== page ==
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The Discipline of Organizing: Core Concepts Edition, 3rd Edition by Robert J. Glushko

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5.5. The Structural Perspective

The structural perspective analyzes the association, arrangement, proximity, or connection between resources without primary concern for their meaning or the origin of these relationships. We take a structural perspective when we define a family as “a collection of people” or when we say that a particular family like the Simpsons has five members. Sometimes all we know is that two resources are connected, as when we see a highlighted word or phrase that is pointing from the current web page to another. At other times we might know more about the reasons for the relationships within a set of resources, but we still focus on their structure, essentially merging or blurring all of the reasons for the associations into a single generic notion that the resources are connected.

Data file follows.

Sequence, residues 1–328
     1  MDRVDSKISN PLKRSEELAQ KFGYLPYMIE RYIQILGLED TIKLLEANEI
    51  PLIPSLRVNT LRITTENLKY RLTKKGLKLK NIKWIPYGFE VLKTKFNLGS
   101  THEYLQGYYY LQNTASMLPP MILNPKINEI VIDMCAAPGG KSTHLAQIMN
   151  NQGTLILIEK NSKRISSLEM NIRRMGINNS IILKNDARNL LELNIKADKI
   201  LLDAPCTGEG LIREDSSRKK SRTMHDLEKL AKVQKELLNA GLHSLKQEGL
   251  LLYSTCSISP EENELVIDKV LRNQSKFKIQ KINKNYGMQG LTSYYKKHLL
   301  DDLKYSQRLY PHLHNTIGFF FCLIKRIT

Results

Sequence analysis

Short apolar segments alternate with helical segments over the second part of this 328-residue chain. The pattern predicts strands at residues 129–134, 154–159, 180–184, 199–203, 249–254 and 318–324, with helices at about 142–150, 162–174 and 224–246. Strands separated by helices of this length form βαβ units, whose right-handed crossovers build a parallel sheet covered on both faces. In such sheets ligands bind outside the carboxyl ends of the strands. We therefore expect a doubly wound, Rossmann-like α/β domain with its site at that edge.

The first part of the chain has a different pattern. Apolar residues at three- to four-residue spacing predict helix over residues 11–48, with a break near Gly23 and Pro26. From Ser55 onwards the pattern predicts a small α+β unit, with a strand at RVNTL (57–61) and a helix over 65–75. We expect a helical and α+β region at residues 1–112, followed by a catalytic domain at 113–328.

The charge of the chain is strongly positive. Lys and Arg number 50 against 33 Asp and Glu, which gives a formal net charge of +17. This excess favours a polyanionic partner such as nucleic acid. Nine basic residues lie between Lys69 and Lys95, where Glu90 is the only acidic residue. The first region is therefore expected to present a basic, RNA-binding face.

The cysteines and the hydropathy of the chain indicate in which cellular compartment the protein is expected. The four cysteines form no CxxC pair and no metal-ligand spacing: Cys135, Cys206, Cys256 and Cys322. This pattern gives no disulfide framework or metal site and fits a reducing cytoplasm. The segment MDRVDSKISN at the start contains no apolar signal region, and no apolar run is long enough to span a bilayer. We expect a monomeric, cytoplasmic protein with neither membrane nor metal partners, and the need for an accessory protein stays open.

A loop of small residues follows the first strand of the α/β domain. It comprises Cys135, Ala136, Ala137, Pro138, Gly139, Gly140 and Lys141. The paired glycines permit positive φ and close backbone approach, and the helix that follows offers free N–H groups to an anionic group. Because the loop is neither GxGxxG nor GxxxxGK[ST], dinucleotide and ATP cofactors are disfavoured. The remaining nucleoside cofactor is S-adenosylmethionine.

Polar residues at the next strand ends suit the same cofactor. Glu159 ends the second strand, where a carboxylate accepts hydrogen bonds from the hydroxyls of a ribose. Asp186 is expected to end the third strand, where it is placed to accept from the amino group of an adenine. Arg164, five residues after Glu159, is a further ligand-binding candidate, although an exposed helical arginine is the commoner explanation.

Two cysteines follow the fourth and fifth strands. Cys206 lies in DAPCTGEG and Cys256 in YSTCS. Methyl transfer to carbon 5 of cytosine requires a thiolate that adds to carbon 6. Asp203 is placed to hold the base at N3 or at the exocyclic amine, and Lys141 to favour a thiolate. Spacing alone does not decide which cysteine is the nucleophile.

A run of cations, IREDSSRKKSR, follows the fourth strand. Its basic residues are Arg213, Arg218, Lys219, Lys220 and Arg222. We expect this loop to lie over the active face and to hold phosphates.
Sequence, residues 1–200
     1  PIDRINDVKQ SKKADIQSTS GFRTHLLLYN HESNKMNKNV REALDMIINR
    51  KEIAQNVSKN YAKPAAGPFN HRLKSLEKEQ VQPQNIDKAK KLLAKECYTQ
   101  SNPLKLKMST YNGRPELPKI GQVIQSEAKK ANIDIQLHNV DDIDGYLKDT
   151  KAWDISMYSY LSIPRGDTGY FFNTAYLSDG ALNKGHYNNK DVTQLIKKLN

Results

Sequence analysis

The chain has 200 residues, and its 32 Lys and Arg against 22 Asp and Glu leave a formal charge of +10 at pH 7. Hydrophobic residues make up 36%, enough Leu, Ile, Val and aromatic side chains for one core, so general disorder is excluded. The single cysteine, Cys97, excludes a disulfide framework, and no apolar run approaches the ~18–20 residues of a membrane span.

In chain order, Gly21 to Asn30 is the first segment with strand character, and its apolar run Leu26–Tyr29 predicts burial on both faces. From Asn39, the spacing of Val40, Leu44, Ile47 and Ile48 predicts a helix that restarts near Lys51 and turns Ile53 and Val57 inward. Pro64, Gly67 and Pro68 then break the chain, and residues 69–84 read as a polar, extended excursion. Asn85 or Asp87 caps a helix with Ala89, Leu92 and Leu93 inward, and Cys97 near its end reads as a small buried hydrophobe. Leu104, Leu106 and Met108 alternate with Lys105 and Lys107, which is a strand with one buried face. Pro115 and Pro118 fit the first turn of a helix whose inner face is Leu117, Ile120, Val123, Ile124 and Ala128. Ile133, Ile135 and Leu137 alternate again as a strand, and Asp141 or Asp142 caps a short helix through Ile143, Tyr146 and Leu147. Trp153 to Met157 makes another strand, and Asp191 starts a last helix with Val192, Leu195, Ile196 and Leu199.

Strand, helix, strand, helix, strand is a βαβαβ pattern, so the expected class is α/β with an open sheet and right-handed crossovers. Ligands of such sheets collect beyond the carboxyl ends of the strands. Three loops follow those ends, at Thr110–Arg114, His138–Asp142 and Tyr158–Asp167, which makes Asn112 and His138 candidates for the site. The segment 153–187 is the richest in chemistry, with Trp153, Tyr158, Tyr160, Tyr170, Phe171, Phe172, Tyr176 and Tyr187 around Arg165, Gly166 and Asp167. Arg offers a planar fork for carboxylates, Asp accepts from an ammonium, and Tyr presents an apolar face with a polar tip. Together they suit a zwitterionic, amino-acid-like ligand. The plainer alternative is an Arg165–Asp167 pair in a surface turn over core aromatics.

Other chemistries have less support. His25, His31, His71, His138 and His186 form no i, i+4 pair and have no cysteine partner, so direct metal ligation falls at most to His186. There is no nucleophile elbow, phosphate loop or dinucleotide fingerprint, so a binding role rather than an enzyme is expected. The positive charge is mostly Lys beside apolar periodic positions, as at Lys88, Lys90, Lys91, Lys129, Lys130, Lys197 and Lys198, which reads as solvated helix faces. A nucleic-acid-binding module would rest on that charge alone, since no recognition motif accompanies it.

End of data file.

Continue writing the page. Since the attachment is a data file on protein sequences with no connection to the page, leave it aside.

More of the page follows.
Travers and Milgram conducted a now-famous study in the 1960s involving the delivery of written messages between people in the midwestern and eastern United States. If a person did not know the intended recipient, he was instructed to send the message to someone that he thought might know him. The study demonstrated what Travers and Milgram called the “small world problem,” in which any two arbitrarily selected people were separated by an average of fewer than six links.

It is now common to analyze the number of “degrees of separation” between any pair of resources. For example, Markoff and Sengupta describe a 2011 study using Facebook data that computed the average “degree of separation” ...

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